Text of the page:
New Leadership on Climate Change
Christiana Figures will be the first person from the developing world to serve as the Executive Secretary of the UNFCCC.
Costa Rican Christiana Figueres has been appointed to replace Yvo de Boer as the new Executive Secretary for the United Nations Framework Convention on Climate Change. She talks with Living on Earth’s Steve Curwood about her hopes and plans for future international climate negotiations.
YOUNG: The United Nations has announced a new Executive Secretary for its Framework Convention on Climate Change—that’s the body charged with negotiating a global treaty to reduce greenhouse gases.
Christiana Figueres of Costa Rica will succeed current secretary Yvo de Boer. She has a lengthy resume of international work related to climate change. And Figueres comes from a long line of public servants: both her brother and father served as president of Costa Rica and her mother was a member of Costa Rica’s Congress. Living on Earth’s Steve Curwood telephoned Ms. Figueres to ask about her tough new job.
FIGUERES: Hi, how are you? Thank you for your invitation today.
CURWOOD: Well, and congratulations on your appointment.
FIGUERES: Well thank you!
CURWOOD: But did you ever think, be careful of what you wish for? This is not the world’s easiest job.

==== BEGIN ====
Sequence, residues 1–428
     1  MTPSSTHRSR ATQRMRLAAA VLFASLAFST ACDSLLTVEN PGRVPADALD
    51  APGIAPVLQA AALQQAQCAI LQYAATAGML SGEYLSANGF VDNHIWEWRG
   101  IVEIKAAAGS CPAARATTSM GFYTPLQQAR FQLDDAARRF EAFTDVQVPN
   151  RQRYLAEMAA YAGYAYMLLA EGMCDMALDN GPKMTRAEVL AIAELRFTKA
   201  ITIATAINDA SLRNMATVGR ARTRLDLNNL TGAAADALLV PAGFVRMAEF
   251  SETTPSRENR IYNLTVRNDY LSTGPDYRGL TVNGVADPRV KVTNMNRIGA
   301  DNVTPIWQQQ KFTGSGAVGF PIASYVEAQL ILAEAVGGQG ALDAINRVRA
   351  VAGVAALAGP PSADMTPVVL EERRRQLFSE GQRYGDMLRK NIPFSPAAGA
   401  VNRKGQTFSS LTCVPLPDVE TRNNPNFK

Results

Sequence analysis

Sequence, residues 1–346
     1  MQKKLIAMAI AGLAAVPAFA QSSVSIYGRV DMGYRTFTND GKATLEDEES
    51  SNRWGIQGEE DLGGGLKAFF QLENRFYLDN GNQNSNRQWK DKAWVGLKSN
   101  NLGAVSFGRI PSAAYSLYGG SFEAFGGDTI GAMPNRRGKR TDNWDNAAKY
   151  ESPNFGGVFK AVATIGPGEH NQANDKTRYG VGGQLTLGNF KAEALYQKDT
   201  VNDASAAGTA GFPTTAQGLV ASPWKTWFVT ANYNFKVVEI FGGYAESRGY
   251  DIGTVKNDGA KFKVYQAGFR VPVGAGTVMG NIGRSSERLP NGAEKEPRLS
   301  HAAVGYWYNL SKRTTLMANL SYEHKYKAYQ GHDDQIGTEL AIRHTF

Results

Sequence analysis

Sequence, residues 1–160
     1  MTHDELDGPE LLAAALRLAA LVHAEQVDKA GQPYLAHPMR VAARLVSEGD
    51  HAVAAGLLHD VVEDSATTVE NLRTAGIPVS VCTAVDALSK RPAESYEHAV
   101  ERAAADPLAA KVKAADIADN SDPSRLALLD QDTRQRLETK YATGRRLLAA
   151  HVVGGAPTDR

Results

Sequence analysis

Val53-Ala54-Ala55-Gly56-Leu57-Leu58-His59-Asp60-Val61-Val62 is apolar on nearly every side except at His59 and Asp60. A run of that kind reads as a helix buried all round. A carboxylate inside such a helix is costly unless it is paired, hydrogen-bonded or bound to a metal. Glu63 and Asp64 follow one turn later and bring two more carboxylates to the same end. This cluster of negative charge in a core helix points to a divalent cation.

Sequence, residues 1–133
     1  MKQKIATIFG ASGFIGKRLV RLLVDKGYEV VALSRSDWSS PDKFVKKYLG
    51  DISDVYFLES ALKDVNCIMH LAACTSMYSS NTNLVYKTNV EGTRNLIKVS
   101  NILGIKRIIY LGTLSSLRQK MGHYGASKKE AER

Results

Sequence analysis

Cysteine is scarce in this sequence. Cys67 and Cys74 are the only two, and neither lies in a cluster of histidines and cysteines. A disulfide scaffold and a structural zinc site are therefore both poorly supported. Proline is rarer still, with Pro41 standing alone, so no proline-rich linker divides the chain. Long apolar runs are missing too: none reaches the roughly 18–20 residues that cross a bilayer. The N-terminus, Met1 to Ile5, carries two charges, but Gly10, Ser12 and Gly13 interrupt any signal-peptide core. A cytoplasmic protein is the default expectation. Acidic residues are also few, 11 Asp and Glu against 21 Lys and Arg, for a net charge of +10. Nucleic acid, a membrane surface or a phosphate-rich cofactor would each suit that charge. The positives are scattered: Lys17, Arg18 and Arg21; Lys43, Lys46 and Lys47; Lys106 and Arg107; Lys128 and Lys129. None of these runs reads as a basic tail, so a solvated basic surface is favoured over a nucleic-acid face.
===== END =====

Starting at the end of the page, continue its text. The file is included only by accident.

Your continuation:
FIGUERES: It’s not the world’s easiest, but it’s definitely the world’s most inspiring. I am delighted, and I’m very much looking forward to it.
CURWOOD: How’d you get interested in climate?
FIGUERES: I got interested in climate in the early ‘90s because Costa Rica had already taken a very decided world leadership role in taking climate change as a national goal and that was actually, to be honest, under my brother’s presidency was his vision. And I was inspired by that and I thought, well, if Costa Rica can do it, it is possible that other countries in Latin America could also benefit in this way.
And I took the lessons learned from Costa Rica, found a international NGO who’s purpose it was to support governments in Latin America to get more and more involved in the climate convention and begin to adopt more climate-friendly policies. And I dedicated quite a few years of my life to that NGO.
CURWOOD: People say you were selected because you have a great reputation of being a negotiator, a conciliator who brings people together. How much of that do you see as your personal strength?
FIGUERES: Absolutely critical. Absolutely critical, I’ve been really honored to have done that for quite a few years. On specific subtopics, this is the first time in which I will have the honor and the task of doing that conciliation for the entire breadth of topics. But it is clear that we are at a point in which conciliation and identification of common ground among the different parties is very critical in order for us to move forward.
CURWOOD: How important is it that you’re the first American—Latin American, yes, but also very conversant with American culture, too - to head the UN Climate Convention?